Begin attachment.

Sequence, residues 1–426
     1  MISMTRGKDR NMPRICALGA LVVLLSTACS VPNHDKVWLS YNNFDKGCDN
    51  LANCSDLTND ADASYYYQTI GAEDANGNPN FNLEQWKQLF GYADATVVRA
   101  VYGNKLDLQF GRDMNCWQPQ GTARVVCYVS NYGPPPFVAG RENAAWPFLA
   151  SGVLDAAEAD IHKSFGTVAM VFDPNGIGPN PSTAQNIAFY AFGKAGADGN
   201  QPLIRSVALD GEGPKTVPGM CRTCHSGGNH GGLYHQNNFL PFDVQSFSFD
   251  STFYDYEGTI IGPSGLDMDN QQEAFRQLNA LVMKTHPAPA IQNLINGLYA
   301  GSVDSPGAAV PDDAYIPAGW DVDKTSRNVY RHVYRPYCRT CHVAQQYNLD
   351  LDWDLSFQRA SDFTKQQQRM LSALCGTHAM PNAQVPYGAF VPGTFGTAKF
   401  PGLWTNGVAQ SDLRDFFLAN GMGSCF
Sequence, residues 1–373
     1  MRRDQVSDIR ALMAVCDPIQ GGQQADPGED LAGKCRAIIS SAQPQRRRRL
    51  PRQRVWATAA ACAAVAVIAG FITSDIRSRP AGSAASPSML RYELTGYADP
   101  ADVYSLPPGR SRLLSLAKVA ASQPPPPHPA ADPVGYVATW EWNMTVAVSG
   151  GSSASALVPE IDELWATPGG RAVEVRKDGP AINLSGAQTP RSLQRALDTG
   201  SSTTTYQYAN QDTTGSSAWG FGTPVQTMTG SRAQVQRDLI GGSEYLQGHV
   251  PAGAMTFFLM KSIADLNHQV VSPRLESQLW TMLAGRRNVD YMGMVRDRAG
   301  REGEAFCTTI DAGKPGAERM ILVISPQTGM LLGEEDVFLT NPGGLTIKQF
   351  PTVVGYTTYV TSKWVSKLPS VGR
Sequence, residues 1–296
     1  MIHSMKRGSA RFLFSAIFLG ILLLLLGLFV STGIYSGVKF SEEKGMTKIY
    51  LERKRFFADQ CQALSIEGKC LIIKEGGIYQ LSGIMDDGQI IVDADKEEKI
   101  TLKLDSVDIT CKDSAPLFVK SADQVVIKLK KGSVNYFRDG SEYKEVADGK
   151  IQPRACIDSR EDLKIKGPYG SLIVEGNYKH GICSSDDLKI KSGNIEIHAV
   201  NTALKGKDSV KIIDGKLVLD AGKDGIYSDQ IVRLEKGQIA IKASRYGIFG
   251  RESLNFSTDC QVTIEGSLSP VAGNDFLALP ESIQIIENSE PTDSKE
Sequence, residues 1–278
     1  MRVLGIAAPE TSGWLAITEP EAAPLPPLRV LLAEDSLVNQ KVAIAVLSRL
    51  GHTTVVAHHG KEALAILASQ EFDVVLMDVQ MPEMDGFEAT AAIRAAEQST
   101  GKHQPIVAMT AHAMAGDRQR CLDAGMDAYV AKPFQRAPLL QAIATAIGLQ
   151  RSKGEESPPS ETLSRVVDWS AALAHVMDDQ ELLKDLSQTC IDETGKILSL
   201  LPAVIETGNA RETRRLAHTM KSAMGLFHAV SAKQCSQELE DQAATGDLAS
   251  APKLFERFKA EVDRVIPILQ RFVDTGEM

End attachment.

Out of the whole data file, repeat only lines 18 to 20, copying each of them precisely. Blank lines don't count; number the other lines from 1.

   301  REGEAFCTTI DAGKPGAERM ILVISPQTGM LLGEEDVFLT NPGGLTIKQF
   351  PTVVGYTTYV TSKWVSKLPS VGR
Sequence, residues 1–296